Why 'perfection' is a dirty word

Why ‘perfection’ is a dirty word

Written by Cecily Mills on Wednesday, 07 August 2019. Posted in Start-up Diaries

If you live life in your comfort zone don’t even consider starting a new business. This is the message from Cecily Mills, owner of Coconuts Organic, which has gone from strength to strength during the four years of its existence.

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There are two things I’ve learned in setting up a new business. Firstly, don’t even think about searching for a comfort zone and, secondly, do not seek perfection – especially during the first few years.

If, at times, you experience moments of blind panic, then fine. It’s par for the course and probably means your company is going places.

But let’s start at the very beginning. It was late summer 2014 and I had spent the last few months shut away in the depths of Cornwall, studying the science of ice cream having decided a few months earlier that I should quit my retail career and start a vegan ice cream company. 

My days seemed to be a combination of buying ingredients and recording all my experiments on a giant Excel spreadsheet. 

I had this crystal clear vision of what I wanted to create. Namely a thick, creamy, smooth vegan ice cream, which tasted amazing and would eventually become a well-known brand. 

However, despite these honourable dreams and ambitions, every batch I produced was almost perfection – but not quite.

I became exasperated and had no idea what I needed to do to make it 100% infallible. In response to these frustrations, I just continued trying different ingredients, and rearranging the portion sizes. 

It was July, then August, and soon September. Summer was all but over and I was about to have my first child.

At this critical moment in my life I realised I had to get my product out there, in the big wide world.

What I was really doing, in this pursuit of perfection, was conveniently avoiding the thing I was scared of most – rejection. I had to get out there and sell my product – or at least attempt to. 

It’s all very well to dream of success, fame and money, but nothing ever happens through inactivity.   

Telling myself the product needed to be perfect was my way of avoiding the hard truth. Would anyone like it and want to buy it?

There was nothing else for it: I bought some pots and blank labels, and started my covert trips to the library to print them.

I will never forget my very first sales call and I cringe when I recall that first sampling session. The ice cream was so hard and solid, it could have knocked you out cold.

It was crunchy, icey, and not at all what I wanted my ice cream to be. But they loved it, and I sold 12 pots. I was ecstatic!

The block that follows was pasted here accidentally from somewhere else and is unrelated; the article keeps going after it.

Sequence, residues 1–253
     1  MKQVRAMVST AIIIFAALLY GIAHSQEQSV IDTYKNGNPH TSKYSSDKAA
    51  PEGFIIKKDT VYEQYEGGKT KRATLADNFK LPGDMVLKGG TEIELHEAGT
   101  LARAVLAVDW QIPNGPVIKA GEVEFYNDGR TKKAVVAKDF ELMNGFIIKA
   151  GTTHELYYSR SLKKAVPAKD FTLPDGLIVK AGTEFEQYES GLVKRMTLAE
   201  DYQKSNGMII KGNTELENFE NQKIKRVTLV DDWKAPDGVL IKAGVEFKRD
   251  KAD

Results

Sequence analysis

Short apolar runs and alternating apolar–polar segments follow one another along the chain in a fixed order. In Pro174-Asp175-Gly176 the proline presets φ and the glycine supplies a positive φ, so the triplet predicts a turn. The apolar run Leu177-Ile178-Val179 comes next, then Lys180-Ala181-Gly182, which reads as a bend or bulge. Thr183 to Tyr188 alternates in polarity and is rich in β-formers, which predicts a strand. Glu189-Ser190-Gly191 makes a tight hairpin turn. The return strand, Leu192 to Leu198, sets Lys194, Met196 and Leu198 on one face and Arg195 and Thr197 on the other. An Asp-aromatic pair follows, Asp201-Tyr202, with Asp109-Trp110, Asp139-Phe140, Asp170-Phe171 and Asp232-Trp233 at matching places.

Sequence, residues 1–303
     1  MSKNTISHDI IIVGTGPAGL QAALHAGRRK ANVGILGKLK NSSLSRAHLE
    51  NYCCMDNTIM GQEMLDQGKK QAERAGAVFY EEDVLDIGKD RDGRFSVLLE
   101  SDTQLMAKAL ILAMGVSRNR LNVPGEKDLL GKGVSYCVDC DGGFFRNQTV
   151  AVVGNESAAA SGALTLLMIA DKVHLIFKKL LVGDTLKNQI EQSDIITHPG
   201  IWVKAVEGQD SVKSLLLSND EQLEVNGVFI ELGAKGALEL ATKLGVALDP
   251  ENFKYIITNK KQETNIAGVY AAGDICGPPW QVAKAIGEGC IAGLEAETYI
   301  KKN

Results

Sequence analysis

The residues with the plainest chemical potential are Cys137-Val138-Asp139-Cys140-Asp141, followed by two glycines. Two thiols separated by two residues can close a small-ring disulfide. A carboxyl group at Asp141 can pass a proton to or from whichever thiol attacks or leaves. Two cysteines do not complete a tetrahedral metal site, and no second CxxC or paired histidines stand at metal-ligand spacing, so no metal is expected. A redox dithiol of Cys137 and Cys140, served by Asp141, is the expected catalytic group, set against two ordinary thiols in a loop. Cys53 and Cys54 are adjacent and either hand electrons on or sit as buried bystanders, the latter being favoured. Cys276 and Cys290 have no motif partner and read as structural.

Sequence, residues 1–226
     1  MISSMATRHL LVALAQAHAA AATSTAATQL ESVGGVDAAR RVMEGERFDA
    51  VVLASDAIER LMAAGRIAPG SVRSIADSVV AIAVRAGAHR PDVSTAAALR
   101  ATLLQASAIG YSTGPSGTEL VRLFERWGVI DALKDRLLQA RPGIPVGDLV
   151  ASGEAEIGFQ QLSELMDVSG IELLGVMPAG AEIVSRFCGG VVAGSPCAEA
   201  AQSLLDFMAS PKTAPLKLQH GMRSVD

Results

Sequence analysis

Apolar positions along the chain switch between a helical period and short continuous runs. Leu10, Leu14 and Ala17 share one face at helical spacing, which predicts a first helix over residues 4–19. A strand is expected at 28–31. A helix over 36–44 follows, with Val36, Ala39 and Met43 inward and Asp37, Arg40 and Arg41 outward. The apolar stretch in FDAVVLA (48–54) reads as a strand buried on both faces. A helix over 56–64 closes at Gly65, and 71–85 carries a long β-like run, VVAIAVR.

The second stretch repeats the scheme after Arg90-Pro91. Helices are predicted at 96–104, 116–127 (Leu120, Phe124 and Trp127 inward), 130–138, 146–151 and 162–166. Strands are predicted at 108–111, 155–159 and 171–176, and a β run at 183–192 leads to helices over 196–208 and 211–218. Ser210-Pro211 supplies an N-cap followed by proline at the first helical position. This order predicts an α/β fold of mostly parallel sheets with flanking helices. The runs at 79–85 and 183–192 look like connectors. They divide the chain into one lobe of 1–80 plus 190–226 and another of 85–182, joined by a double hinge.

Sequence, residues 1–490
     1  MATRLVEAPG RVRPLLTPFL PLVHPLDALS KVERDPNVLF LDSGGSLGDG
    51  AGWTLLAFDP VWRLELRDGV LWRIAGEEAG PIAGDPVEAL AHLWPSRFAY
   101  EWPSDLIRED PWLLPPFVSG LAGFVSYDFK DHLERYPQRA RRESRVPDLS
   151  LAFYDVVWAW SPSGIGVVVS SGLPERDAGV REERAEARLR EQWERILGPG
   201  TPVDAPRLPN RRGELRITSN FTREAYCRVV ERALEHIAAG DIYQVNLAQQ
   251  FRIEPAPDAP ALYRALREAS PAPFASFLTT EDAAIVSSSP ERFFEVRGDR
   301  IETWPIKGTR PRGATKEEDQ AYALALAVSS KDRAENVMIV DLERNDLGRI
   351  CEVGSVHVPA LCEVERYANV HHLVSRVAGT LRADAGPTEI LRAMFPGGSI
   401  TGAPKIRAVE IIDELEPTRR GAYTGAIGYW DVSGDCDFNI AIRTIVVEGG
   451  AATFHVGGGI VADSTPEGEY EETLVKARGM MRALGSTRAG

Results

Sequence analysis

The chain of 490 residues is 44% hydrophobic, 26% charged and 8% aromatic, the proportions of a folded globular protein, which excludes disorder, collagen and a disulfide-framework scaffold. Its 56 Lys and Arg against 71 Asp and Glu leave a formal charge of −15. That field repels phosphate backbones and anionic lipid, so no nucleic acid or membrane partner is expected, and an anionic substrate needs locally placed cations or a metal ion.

The next day I got to work putting together my first order but instead of being a joyful experience it was a nightmare. 

It took me approximately four hours to make three pots on the Cuisinart I had just bought at John Lewis.  My first reaction was to wonder how on earth I would ever manage to make enough ice cream to bank any satisfactory money?

It was probably fair to say I was flying by the seat of my pants – excuse the expression.

LOOKING BACK

That was about four years ago. Last month we shipped out two lorries full of ice cream to Tesco. I look back on the last four years and they have been the most enormous learning curve. 

But I realise that being an entrepreneur, running a start-up, is basically choosing to live life permanently outside your comfort zone.

I realise there are companies out there who spend years covertly developing their products, and launch with polish and finesse.  But these are usually businesses with a large pot of money earmarked for product development. I didn’t have that luxury.

But I would do it all over again, in the knowledge that the pursuit of perfection is elusive, and all too likely to paralyse you into inaction.

I am very pleased to say that today our ice cream is thick, creamy and smooth. Perfect, you might say. And it’s been nothing short of an obsession to get to this point. 

But I always remind myself that my customers loved the product long before it became ‘perfect’. Nothing can replace the feeling of power that a passionate entrepreneur will experience when showing potential clients their products. Perfection comes and goes, and the goalposts move. In the world of start-up, action trumps perfection every time – remember.